1. Boil the potatoes until cooked, drain and allow to cool completely.
  2. Combine the potatoes, onion and parsley in a large bowl.
  3. In a separate bowl or jug, thoroughly combine yoghurt, oil, mustards, vinegar and honey. Season with salt to taste.
  4. Pour over the potatoes and mix well.
3 January, 2019 0 comment
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A recipe for roast veggies? Yeah, it does sound a bit obvious, but believe it or not, I talk to people who say they don’t know what to do with potato or fennel or carrots. So I don’t assume anything anymore. If you can relate to those people, then I want you to know that you are not alone and we are here to empower you!!

LocalTable wants you to eat what you’re given and not waste anything. This food is too good to be thrown out or composted. A person in your community grew this food for you. This food is not anonymous. It must be honoured by being eaten.

This recipe might seem obvious, but Kat’s now trademarked small twist on a dish means that these were the best roast veggies I’ve ever eaten (sorry, Nana!).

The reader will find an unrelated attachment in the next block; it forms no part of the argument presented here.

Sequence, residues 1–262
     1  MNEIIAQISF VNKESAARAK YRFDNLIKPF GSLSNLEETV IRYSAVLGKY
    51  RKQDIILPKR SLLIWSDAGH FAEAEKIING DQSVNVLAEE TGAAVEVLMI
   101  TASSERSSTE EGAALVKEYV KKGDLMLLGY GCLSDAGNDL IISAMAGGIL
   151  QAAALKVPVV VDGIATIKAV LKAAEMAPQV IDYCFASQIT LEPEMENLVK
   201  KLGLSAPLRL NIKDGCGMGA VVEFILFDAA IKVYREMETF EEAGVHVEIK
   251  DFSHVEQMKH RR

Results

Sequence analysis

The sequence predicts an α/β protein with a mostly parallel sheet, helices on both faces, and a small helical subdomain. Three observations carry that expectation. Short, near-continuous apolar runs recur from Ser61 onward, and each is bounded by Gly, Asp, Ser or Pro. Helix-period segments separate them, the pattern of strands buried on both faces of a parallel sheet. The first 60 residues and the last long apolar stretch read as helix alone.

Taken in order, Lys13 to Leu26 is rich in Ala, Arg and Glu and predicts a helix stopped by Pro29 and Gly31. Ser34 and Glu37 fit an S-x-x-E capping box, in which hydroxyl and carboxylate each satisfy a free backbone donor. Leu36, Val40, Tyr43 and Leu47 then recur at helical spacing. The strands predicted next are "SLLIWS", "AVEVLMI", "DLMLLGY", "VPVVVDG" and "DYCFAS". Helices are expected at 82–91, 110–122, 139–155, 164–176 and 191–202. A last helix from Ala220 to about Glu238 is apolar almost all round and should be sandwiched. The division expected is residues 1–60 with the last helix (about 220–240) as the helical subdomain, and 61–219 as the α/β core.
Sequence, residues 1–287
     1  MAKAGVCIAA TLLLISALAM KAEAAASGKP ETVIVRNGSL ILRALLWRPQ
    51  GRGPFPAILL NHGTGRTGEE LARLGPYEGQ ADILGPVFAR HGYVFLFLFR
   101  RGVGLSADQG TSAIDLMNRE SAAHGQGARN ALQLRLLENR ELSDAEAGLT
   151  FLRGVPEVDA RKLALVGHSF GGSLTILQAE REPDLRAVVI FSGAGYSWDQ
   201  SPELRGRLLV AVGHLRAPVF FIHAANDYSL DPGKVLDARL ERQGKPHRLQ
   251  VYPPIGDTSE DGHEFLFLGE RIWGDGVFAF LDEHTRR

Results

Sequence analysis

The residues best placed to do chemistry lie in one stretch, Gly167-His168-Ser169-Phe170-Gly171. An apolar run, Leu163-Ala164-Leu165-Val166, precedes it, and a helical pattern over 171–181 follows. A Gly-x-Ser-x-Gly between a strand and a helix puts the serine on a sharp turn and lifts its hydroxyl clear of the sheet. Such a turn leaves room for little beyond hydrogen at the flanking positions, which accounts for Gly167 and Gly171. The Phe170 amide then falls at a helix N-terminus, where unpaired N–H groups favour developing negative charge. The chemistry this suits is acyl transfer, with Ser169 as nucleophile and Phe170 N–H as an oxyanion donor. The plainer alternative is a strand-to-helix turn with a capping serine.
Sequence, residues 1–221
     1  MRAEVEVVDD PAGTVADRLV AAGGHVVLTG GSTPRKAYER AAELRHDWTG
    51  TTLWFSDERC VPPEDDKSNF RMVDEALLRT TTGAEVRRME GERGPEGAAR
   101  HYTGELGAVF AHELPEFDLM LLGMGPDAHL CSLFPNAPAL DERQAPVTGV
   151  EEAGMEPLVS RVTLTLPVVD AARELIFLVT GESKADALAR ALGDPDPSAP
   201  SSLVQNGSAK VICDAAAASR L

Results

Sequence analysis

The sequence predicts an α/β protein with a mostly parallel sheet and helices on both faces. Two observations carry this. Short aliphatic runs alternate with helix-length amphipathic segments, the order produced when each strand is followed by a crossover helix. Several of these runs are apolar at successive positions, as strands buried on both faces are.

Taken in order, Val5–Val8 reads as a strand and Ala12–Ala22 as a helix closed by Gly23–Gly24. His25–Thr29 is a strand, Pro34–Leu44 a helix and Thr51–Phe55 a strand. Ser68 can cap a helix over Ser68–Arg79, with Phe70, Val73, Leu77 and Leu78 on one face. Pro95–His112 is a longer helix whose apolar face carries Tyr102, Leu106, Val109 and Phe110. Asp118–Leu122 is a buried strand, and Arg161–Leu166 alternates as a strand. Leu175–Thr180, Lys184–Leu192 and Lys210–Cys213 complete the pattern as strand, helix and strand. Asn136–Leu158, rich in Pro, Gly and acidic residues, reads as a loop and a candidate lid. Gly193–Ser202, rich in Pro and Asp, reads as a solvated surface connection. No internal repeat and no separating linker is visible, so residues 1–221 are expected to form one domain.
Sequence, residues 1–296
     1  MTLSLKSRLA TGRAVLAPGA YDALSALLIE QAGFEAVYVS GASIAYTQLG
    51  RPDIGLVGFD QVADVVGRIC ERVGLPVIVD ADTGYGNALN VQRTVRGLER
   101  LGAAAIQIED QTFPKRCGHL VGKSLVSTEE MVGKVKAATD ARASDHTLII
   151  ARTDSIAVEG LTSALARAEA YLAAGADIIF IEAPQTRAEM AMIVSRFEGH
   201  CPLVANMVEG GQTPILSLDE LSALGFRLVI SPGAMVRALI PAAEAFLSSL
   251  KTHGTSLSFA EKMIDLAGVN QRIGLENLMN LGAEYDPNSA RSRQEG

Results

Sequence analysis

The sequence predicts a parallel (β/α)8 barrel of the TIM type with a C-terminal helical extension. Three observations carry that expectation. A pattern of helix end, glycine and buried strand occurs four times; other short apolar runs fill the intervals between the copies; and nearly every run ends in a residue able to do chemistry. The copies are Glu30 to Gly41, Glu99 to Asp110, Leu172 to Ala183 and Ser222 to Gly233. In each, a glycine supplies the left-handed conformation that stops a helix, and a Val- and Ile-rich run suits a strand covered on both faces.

There’s something about roasted vegetables. Crikey, but they’re delicious. It might be a challenge to have the oven on in the peak of summer, but we’re not there yet, so give this one a go.

Roasted summer vegetables

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Serves: 4 Prep Time: Cooking Time:

Ingredients

  • 3 medium potatoes, cut into chunks
  • 1 large fennel bulb, cut into chunks
  • 4 small carrots, halved lengthways
  • 1 onion, sliced
  • 6 small cloves of garlic
  • Oil for roasting
  • 2 tablespoons Balsamic vinegar
  • salt and pepper
  • Sprig of rosemary